Bikineev Bikineev - 2 months ago 14
C++ Question

C++ partial ordering for a function with default argument

Consider the following code:

template <class...>
using void_t = void;

template <class T>
void bar(T){}

template <class T>
void bar(T, void_t<decltype(std::declval<T>().foo())>* = 0) {}

struct A { void foo(); } a;
bar(a); // gives a compiler error on ambiguous call


So the question is, why are these overloads ambiguous? Why is the second overload not considered to be more restrictive, more specialized than second one by the compiler?

Answer

one of the usual ways to do this is create a disjunction of equally-specialised templates.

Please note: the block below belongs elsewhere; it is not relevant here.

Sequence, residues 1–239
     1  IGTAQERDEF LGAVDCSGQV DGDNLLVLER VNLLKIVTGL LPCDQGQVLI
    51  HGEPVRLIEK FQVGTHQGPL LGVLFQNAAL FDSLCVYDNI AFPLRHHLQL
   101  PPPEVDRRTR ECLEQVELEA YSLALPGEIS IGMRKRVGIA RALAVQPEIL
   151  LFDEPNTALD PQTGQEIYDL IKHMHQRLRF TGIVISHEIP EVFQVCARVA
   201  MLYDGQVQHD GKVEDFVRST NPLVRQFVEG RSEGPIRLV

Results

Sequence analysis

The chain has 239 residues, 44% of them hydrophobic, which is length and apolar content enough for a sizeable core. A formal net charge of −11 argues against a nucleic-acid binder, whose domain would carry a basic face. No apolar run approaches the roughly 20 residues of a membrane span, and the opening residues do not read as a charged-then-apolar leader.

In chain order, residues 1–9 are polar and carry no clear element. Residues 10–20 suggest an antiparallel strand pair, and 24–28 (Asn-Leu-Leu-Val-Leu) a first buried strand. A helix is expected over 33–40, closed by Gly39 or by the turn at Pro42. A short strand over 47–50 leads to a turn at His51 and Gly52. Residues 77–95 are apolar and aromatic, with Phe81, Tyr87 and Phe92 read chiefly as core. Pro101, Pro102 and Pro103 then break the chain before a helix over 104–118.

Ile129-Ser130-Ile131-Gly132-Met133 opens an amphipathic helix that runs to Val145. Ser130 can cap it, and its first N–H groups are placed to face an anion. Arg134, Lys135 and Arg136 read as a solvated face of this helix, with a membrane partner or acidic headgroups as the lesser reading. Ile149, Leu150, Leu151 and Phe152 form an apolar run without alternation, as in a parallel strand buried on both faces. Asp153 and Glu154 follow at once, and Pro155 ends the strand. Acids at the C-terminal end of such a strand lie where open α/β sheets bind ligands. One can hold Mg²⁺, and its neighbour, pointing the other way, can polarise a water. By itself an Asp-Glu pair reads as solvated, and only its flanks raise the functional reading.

#include <utility>
#include <iostream>

template<class T>
struct has_foo_impl
{
  template<class U> static auto test(U* p) -> decltype(p->foo(), void(), std::true_type()); 
  static auto test(...) -> decltype(std::false_type()); 

  using type = decltype(test((T*)nullptr));
};

template<class T> using has_foo = typename has_foo_impl<T>::type;

template <class...>
using void_t = void;

template <class T, std::enable_if_t<not has_foo<T>::value>* = nullptr>
void bar(T){
  std::cout << "not me\n";
}

template <class T, std::enable_if_t<has_foo<T>::value>* = nullptr>
void bar(T) {
  std::cout << "me\n";
}

struct A { void foo(); } a;

int main()
{
    bar(a); // "me"
}